Story Source:

The above story is based on materials provided by Max-Planck-Gesellschaft. Note: Materials may be edited for content and length.


Journal Reference:

  1. L. Alvarez, L. Dai, B. M. Friedrich, N. D. Kashikar, I. Gregor, R. Pascal, U. B. Kaupp. The rate of change in Ca2 concentration controls sperm chemotaxis. The Journal of Cell Biology, 2012; 196 (5): 653 DOI: 10.1083/jcb.201106096

Cite This Page:

Max-Planck-Gesellschaft. "Sperm can do 'calculus' to calculate calcium dynamics and react accordingly." ScienceDaily. ScienceDaily, 7 March 2012. <www.sciencedaily.com/releases/2012/03/120307094421.htm>.
Max-Planck-Gesellschaft. (2012, March 7). Sperm can do 'calculus' to calculate calcium dynamics and react accordingly. ScienceDaily. Retrieved July 29, 2014 from www.sciencedaily.com/releases/2012/03/120307094421.htm
Max-Planck-Gesellschaft. "Sperm can do 'calculus' to calculate calcium dynamics and react accordingly." ScienceDaily. www.sciencedaily.com/releases/2012/03/120307094421.htm (accessed July 29, 2014).

Share This




More Health & Medicine News

Tuesday, July 29, 2014

Featured Research

from universities, journals, and other organizations


Featured Videos

from AP, Reuters, AFP, and other news services

Generics Eat Into Pfizer's Sales

Generics Eat Into Pfizer's Sales

Reuters - Business Video Online (July 29, 2014) — Pfizer, the world's largest drug maker, cut full-year revenue forecasts because generics could cut into sales of its anti-arthritis drug, Celebrex. Fred Katayama reports. Video provided by Reuters
Powered by NewsLook.com
Nigeria Ups Ebola Stakes on 1st Death

Nigeria Ups Ebola Stakes on 1st Death

Reuters - Business Video Online (July 29, 2014) — Nigerian authorities have shut and quarantined a Lagos hospital where a Liberian man died of the Ebola virus, the first recorded case of the highly-infectious disease in Africa's most populous economy. David Pollard reports Video provided by Reuters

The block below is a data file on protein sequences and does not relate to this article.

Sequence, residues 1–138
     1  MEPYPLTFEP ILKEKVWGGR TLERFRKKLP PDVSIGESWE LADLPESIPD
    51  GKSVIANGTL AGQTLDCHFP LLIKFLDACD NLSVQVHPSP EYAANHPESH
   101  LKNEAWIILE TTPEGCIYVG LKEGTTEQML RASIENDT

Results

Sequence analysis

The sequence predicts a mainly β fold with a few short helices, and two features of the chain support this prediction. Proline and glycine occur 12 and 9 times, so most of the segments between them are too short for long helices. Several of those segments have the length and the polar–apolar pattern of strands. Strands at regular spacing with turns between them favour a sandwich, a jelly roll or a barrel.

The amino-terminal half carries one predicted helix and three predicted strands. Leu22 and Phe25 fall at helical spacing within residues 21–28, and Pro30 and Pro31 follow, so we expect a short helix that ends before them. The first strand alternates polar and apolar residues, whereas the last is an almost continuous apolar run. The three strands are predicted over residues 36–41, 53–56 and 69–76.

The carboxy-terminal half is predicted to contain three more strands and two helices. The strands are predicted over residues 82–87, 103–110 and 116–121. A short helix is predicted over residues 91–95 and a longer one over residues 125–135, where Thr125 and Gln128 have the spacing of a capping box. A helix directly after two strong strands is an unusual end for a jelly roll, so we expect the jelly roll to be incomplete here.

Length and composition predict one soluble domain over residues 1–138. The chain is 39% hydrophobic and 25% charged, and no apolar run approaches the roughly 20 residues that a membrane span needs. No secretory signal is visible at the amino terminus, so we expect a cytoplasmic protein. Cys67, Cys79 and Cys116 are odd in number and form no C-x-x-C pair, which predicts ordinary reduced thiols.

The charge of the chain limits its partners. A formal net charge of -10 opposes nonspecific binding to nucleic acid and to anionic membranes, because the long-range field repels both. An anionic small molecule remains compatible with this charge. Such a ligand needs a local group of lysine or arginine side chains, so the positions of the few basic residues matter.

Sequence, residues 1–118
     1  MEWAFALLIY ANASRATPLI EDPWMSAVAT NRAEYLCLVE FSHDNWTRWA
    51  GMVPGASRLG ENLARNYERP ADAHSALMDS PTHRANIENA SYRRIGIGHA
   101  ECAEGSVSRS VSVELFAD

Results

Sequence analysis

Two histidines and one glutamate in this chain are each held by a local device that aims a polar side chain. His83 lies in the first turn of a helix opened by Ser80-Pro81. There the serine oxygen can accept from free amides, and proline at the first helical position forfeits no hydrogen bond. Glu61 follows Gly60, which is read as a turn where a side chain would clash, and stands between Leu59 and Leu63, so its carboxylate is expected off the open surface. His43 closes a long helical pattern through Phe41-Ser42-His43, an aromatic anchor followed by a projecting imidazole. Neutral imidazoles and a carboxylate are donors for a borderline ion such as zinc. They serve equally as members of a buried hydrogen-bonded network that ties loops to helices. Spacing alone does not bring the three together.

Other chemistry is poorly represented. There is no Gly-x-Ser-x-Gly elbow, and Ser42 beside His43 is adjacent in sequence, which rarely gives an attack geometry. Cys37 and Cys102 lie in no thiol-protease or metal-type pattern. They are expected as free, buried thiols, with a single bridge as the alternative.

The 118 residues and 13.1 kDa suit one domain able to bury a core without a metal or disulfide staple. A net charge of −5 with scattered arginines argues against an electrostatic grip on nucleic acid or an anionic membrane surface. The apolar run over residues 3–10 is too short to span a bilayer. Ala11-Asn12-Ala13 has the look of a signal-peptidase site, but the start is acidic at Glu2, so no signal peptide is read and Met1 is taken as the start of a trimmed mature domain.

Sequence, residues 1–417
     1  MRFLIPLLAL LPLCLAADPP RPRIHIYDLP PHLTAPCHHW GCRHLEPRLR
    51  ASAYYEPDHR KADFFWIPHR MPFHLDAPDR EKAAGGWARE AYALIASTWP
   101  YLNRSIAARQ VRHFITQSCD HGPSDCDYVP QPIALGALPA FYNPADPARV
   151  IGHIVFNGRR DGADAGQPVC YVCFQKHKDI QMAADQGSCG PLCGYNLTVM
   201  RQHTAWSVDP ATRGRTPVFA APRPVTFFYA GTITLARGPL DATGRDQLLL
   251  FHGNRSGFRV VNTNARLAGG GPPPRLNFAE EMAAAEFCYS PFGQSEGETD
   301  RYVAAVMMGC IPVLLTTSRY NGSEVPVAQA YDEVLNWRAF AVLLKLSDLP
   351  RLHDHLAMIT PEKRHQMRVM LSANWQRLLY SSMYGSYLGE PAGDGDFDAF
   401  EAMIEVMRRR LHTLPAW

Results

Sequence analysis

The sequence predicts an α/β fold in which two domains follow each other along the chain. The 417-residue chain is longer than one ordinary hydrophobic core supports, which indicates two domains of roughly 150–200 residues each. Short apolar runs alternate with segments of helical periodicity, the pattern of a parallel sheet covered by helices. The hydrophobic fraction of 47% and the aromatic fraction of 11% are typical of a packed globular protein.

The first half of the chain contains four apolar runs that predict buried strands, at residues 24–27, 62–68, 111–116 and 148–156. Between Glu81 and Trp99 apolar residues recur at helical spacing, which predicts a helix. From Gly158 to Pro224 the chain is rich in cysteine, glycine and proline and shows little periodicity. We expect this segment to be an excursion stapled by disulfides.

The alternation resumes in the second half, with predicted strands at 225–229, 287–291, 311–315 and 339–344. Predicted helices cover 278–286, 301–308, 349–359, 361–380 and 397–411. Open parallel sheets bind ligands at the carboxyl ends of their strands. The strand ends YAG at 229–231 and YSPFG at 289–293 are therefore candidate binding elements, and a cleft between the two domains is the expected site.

Powered by NewsLook.com
Running 5 Minutes A Day Might Add Years To Your Life

Running 5 Minutes A Day Might Add Years To Your Life

Newsy (July 29, 2014) — According to a new study, just five minutes of running or jogging a day could add years to your life. Video provided by Newsy
Powered by NewsLook.com
Ebola Outbreak Poses Little Threat To U.S.: CDC

Ebola Outbreak Poses Little Threat To U.S.: CDC

Newsy (July 29, 2014) — The Ebola outbreak in West Africa poses little threat to Americans, according to officials with the Centers for Disease Control and Prevention. Video provided by Newsy
Powered by NewsLook.com

Search ScienceDaily

Number of stories in archives: 140,361

Find with keyword(s):
 
Enter a keyword or phrase to search ScienceDaily for related topics and research stories.

Save/Print:
Share:  

Breaking News:
from the past week

In Other News

... from NewsDaily.com

Science News

Health News

Environment News

Technology News



Save/Print:
Share:  

Free Subscriptions


Get the latest science news with ScienceDaily's free email newsletters, updated daily and weekly. Or view hourly updated newsfeeds in your RSS reader:

Get Social & Mobile


Keep up to date with the latest news from ScienceDaily via social networks and mobile apps:

Have Feedback?


Tell us what you think of ScienceDaily -- we welcome both positive and negative comments. Have any problems using the site? Questions?
Mobile iPhone Android Web
Follow Facebook Twitter Google+
Subscribe RSS Feeds Email Newsletters
Latest Headlines Health & Medicine Mind & Brain Space & Time Matter & Energy Computers & Math Plants & Animals Earth & Climate Fossils & Ruins